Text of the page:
It seems you can't read a preview or review of a World War II-based FPS without hearing about how many games there are in the genre. With good reason, too--it's a crowded one. But just because there are a lot of them doesn't mean there can't be some good ones. Medal of Honor: Airborne is one such game. It starts off really slow, and the whole parachuting hook is little more than a gimmick; but later on the game realizes its potential and gets good.
There's not much of a story to Airborne. It's WWII; Nazis need killing and the world needs saving. You're in the Airborne division, so you'll be jumping out of planes and doing your part to swing the war in the Allies' favor. Before each mission you're given a brief rundown on what's going on and list of objectives to accomplish. Rather than spawning on the battlefield you'll arrive in style by parachuting out of a plane. As you fall to the ground you'll want to maneuver toward green smoke, which indicates a safe landing zone. In theory, parachuting into the level is supposed to open up a whole new style of play. You're free to land wherever you want, but invisible walls prevent you from getting too clever, and nine times out of 10, when you do land somewhere other than the safe zone you'll end up dead in a matter of seconds. There are some special landing zones to discover and sometimes these areas will provide you with an advantageous starting point, but because you find most of these locations when you're already on the ground, they're of little use.
Once on the ground you'll take on waves of Axis soldiers over the course of the game's six levels. Six levels might not sound like a lot, but each generally takes an hour or more to complete, so it'll probably take most people around eight hours to finish the game. Your objectives are shown on your radar and you're free to tackle them in whatever order you choose. Between choosing your starting location and being able to pick what to take on first it might sound like there's a lot of freedom here, but there's really not--you can't start from many different places, and you have to do the same tasks regardless of the order you start them. Mission objectives range from blowing up AA guns to clearing buildings of enemy soldiers, taking out tanks, and detonating lots of explosives. On their own these tasks aren't anything unique, but because the levels are so long and feature so many objectives you often feel as though you're performing monumental feats rather than routine tasks.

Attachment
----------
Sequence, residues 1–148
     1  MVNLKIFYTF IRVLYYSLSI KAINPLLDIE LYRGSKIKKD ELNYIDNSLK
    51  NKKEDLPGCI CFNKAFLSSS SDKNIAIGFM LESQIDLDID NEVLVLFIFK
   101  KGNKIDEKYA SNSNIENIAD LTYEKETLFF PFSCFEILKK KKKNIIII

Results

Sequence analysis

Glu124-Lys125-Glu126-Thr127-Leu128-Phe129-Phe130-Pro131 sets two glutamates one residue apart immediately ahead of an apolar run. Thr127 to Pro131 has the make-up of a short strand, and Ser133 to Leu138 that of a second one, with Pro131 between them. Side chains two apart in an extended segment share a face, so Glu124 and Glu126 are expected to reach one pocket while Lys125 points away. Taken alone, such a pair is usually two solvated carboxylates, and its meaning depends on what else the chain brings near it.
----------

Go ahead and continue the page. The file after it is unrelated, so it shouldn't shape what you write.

The first three levels aren't very interesting. They're fairly linear, take place in unexciting settings, and don't play to the game's strengths. Starting with the fourth level the game picks up since you're given more freedom as to how you want to tackle the levels. You might decide to climb towers to take out snipers (their position is given away by a reflection off their scope), clear the area of ground troops, and then make your way into a building, while a different player might head to the building first, clear the ground troups second, and hide from the snipers rather than kill them. The game's artificial intelligence isn't very good, but at least it's aggressive. You can pick off guys as they peek around corners, but they won't just take it lying down. They'll spray bullets in your direction without looking, and they're rather fond of blindly tossing grenades over their backs. If you get too close or they get some reinforcements, enemy soldiers will charge right at you and inflict serious damage until you can fend them off with your weak melee attacks.